Strobilanthes reptans



Strobilanthes reptans

(G.Forster) Moylan ex Y.F.Deng & J.R.I.Wood 2011

pronounced: stroh-bil-AN-theez REP-tanz

(Acanthaceae — the black-eyed Susan family)

synonym — Hemigraphis reptans

(G.Forst.) T.Anderson ex Hemsl. 1885

pronounced: hem-ee-GRAF-uss REP-tanz

common name: redflame

Strobilanthes is from two Greek words, στραβιλος (strabilos), anything twisted or whirled, and ανθος (anthos), a flower; reptans is Latin, creeping, crawling. In the synonym, Hemigraphis is from the Greek 'ημι- (hémi-), half, and γραφις (graphis), a stylus, paintbrush, referring to the brush-like filaments of the outer stamens. There is some doubt as to the correct name for thisplant. The latest version of the Kew Plant list gives both of the above names as being accepted plant names. There are certainly at least two versions of theplant: the one featured, with white flowers, and what appears to be the type species, with pinkish flowers.

This is a perennial, sprawling or prostrate plant with short stems, often found in shady areas in lawns. It is an introduced plant, originating in the Pacific Islands. The plant photographed was in the lawn at the rear of the houses in the Dunoon development in Picnic Bay. When not cut back by a lawnmower, it will grow to about 15 cm tall.

The glossy dark green leaves have crenate margins and prominent dark purple veins. The underside of the leaves are also a purple shade. The plant roots at the nodes. Petioles are 6 – 18 mm long, the leaf blades 2 – 6 cm long (up to 10 cm in favourable conditions), 1 – 3 cm wide, oblong-lanceolate to elliptic, rounded to obtuse at the apex, obtuse to truncate at the base.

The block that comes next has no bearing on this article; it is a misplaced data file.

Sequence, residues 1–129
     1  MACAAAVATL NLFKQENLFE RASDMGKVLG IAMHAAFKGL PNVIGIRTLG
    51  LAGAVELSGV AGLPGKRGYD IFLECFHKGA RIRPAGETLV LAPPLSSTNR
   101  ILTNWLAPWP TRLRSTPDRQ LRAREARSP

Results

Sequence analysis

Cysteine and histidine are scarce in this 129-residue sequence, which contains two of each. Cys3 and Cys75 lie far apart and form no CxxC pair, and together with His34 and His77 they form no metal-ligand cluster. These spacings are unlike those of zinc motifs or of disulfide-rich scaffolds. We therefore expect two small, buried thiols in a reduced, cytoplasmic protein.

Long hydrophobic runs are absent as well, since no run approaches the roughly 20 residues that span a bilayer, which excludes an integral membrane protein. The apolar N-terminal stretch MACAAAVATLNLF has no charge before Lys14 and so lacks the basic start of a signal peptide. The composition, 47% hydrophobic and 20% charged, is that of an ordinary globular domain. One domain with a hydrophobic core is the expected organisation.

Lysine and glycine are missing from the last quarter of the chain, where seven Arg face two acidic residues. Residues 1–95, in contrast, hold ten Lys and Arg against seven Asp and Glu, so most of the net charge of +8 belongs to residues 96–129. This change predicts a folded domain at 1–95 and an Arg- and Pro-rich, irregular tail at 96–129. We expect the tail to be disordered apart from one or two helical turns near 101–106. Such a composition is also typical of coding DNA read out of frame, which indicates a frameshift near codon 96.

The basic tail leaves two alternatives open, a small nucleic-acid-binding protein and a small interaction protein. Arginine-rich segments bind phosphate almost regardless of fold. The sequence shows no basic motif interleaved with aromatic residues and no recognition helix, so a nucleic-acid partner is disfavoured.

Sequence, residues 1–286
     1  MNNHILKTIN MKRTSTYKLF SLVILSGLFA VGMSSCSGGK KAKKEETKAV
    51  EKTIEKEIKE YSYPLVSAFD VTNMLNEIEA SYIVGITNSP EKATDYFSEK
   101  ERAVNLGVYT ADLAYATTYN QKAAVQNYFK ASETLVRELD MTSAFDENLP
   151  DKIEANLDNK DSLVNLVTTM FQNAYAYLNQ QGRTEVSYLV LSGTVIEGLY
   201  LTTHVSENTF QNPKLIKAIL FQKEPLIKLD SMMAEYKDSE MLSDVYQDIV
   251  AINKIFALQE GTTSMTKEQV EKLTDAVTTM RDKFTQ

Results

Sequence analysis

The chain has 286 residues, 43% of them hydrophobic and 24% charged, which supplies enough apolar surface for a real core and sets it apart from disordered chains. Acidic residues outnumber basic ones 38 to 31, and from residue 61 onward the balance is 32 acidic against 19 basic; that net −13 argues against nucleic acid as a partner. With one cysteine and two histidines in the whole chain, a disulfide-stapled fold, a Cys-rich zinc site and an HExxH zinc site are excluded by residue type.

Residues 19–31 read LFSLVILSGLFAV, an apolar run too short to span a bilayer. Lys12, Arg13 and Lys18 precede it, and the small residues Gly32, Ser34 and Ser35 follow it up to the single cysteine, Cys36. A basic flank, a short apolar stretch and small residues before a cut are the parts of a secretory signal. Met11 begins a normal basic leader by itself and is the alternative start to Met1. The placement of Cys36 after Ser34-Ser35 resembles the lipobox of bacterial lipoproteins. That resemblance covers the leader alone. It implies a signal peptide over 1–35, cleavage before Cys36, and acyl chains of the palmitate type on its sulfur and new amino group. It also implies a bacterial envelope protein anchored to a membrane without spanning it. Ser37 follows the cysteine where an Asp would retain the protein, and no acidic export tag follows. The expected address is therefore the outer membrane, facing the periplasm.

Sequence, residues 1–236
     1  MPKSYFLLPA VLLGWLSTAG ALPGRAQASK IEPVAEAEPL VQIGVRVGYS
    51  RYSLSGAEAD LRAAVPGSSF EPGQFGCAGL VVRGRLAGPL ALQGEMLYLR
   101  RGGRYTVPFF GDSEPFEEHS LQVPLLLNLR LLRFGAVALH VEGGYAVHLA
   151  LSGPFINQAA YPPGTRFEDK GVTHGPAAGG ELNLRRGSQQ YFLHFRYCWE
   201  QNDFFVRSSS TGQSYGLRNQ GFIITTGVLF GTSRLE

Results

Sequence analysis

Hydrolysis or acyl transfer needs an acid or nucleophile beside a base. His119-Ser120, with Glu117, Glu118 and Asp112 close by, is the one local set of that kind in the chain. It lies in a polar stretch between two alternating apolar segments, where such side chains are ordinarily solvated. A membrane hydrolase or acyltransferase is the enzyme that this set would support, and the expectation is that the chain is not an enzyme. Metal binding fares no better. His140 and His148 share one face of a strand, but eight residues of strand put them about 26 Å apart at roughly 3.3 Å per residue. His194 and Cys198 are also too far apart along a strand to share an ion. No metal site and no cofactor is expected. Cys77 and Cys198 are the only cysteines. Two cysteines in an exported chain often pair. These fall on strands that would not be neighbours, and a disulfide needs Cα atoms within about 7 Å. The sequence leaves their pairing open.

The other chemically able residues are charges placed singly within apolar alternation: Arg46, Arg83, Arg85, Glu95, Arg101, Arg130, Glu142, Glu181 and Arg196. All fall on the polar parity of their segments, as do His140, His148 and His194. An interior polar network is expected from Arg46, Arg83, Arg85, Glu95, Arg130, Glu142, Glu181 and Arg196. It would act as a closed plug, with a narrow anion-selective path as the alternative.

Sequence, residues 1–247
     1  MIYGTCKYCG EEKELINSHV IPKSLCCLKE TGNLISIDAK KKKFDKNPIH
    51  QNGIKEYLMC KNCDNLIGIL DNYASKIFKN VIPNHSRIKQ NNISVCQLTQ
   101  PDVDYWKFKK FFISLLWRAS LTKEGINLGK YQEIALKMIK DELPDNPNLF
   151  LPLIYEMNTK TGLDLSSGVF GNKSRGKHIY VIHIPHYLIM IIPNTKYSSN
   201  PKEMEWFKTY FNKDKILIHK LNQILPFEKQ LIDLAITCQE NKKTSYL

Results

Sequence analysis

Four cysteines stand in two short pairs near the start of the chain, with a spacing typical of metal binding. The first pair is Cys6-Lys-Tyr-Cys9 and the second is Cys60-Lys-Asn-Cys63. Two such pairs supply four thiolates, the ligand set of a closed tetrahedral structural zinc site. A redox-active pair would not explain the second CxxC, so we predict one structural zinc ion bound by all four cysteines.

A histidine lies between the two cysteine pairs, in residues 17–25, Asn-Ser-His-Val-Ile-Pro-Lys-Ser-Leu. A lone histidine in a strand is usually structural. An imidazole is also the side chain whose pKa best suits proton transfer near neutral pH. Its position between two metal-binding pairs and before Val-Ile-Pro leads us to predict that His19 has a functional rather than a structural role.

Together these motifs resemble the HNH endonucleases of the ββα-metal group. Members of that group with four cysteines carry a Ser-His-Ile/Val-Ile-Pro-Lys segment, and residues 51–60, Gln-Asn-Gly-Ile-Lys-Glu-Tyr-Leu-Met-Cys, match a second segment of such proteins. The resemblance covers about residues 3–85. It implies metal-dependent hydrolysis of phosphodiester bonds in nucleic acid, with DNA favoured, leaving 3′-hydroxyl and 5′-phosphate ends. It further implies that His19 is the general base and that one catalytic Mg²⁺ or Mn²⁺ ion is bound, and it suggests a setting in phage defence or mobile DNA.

The solitary or few solitary or few flowers, borne terminally or axillary, are sessile or almost so. The calyx is cylindrical, up to about 8 mm long, the lobes separating and persistent in fruit. The corolla is 11 – 13 or so mm long, white or whitish, suffused with purple within.

Fruits are capsules, up to about 1 cm long, elastically dehiscent.

This is a very aggressive plant, and easily becomes a weed not only of lawns, but of roadsides, ponds, and on the banks of streams, anywhere from sea level to about 400 m altitude.

In colder climates, this is often grown as a houseplant or an annual. If grown indoors, it requires bright indirect light, and evenly moist soil. It looks well in hanging baskets.


Photograph taken in Picnic Bay 2014
Page last updated 9th April 2019